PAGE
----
As a small business owner, you no doubt have lofty expectations for your company. You may not have the name recognition of brands like Apple or Nike (yet), but you want your business to offer quality work and stand for strong values. For many companies, their logos will the first opportunity to communicate these fundamental aspects to their audiences.
To truly be effective, your logo must be more than a cool design. If you’re just starting your business or considering a rebrand, there are five essential elements to review as you develop your design. Read on to discover how your brand can create that powerful and impressive logo you’ve been hoping for.
Is It Simple?
An intricate design may look provocative and catch interest up front, but too many details can actually confuse customers and turn them off. When people see a complex image, it can overwhelm their brain, making the message hard to comprehend or remember. Logos that follow a simpler ideology are appealing for a number of reasons. They’re easy for consumers to recognize, reproduce well on to any background or material and clearly convey your message.
Target’s bullseye is a great example of a simple company logo. It fits their company perfectly – you don’t even need to see the name Target to know the logo is theirs. In fact, a 2003 study confirmed that 96 percent of American shoppers were able to identify Target by just that single bold red logo. It helps the image is a motif most people are already familiar with, but we would argue that now when you see those red and white circles, you might think of the retail store before a shooting range. Your own logo may be slightly more complex than one shape and color, but try to refrain from cramming in your company name, tagline, founder, year established and so on.
Is It Timeless?
One mistake some small businesses make is trying too hard to appear ultra-modern or looking to cause a stir. A trendy design may turn heads for a few years, but you should consider whether or not you will still be happy with the logo in five, 10 or 20 years. Every business needs to tweak or evolve their brand occasionally, but regular overhauls can negatively affect your brand recognition.
The Walt Disney Co. logo has changed only marginally since 1929, when Walt Disney created a scripted font derived from his own signature. Over the years, the script has been paired with various icons, including Mickey Mouse and Cinderella’s Castle, but the big, looping W and D letters have proven that they stand the test of time.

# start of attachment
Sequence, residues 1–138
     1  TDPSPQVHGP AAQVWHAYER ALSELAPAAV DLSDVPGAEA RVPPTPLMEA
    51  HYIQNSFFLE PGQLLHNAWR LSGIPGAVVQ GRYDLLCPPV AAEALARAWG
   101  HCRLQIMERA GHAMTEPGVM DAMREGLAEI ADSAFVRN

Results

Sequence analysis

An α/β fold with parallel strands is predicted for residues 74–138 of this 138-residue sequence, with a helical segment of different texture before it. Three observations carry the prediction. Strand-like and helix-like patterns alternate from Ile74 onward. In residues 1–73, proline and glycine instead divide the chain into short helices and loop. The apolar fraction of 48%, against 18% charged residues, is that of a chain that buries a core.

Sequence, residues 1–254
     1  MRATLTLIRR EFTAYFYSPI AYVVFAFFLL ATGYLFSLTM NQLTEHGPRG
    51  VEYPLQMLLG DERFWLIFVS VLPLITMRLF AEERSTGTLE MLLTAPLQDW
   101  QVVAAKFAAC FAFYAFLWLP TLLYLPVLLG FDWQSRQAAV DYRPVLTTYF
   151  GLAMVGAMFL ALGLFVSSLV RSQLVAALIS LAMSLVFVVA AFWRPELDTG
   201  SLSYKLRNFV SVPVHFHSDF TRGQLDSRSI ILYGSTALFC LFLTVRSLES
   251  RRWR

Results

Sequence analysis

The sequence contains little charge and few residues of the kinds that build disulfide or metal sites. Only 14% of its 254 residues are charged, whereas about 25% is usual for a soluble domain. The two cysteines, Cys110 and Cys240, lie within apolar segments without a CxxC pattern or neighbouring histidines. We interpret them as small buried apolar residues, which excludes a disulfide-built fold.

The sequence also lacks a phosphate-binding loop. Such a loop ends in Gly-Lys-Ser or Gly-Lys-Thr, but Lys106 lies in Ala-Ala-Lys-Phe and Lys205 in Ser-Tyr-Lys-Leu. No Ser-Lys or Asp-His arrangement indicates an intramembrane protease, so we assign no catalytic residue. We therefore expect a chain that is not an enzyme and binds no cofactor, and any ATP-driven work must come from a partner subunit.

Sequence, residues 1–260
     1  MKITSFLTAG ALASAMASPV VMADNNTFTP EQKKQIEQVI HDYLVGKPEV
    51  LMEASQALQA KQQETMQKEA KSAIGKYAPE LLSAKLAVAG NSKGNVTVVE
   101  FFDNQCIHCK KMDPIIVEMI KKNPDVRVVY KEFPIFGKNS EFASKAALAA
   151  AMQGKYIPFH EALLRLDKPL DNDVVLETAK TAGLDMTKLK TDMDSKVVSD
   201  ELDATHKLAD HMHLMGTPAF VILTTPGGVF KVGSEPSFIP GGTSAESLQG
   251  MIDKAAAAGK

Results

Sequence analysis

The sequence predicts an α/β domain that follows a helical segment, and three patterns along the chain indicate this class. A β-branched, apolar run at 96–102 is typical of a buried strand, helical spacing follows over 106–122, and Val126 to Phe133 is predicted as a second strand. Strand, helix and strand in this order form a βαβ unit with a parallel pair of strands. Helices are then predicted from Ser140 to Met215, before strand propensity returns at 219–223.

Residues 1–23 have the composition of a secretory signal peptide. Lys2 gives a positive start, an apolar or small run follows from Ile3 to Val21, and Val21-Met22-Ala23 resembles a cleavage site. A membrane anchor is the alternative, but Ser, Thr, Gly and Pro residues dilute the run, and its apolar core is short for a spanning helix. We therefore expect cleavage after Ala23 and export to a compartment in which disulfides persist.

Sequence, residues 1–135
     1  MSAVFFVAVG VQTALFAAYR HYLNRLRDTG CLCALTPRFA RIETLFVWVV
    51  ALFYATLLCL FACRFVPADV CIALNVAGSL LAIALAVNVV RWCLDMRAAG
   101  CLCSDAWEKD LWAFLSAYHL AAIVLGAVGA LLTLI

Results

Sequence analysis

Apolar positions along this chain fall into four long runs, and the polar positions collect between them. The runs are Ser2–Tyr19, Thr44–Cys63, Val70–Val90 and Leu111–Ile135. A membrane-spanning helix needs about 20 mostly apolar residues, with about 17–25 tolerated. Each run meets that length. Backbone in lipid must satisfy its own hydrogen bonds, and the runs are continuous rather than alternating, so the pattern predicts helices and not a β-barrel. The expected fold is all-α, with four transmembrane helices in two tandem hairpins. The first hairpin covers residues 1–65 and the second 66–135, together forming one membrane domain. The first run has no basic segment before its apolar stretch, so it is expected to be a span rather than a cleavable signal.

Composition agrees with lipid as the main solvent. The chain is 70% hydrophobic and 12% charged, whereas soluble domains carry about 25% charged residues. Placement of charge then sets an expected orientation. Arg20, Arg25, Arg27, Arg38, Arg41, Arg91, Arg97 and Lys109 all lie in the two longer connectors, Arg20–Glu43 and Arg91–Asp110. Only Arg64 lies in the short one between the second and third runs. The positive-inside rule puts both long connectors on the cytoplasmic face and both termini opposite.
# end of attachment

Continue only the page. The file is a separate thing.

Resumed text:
Is It Appropriate?
An effective logo isn’t going to look the same for every company. A playful symbol may work for a startup tech company but could seem insincere for a personal injury law firm. When evaluating your logo, ask yourself if the design is meaningful for your industry and if it fits your company values. The colors and typography you choose will also impact the message it sends to your customers. If you want a second (or third, or fourth) opinion, consider asking friends or colleagues what they think. They may notice a problem that you’re missing.
FedEx has a logo that is extremely meaningful for a company who needs to be seen as capable and reliable. Each aspect of the logo, including the font and color choices, was thoughtfully chosen for the meaningful characteristics it signifies. The thick, bold type and saturated colors communicate a sturdiness and strength that its customers are looking for from their shipping company. This logo even includes a clever and relevant hidden message – the negative-space arrow between the E and X is a subtle yet effective reference to their industry.
Is It Versatile?
As the visual representation of your small business, your logo will be everywhere – on your website, packaging, print media, the list goes on. Your logo design must be legible whether it’s shrunk down for your Twitter profile photo or blown up on a billboard. It’s important not only for brand consistency, but also for your bottom line. Using one vector for every kind of ad and material will cost your company less in the long run.
The NBC peacock logo manages to maintain its versatility even though it’s far more colorful than most brands. It works because the white outline creates space between the colored feather, it leaves plenty of space between elements and avoids minute details. Their choice of color also ensures the logo will be visible against any background. It always appears clear and vibrant, whether it’s shrunk into the corner of your TV screen or projected on a wall behind Bob Costas.
Is It Memorable?
Lastly, and perhaps most importantly, the best logos leave a memorable impression. They make customers pause and stick with them even after they’ve moved on to the next ad. A memorable logo has that “it” factor – it’s unique, dynamic and sends a strong message. If your logo could easily be confused with a competitor’s, your company will not make an impression on your audience. When faced with a choice, customers won’t be as likely to purchase from you if they don’t remember you.
If you need an example of a memorable logo, just think to yourself which brands and logos you’re most familiar with. Nike, Apple, McDonald’s, Starbucks – each of these logos could be identified by nearly any person on earth. They’re all bold, one-of-a-kind images that you can recognize from a mile away. Even if you prefer one of their competitor’s products, you know these brands instantly. That’s the sign of a truly effective logo.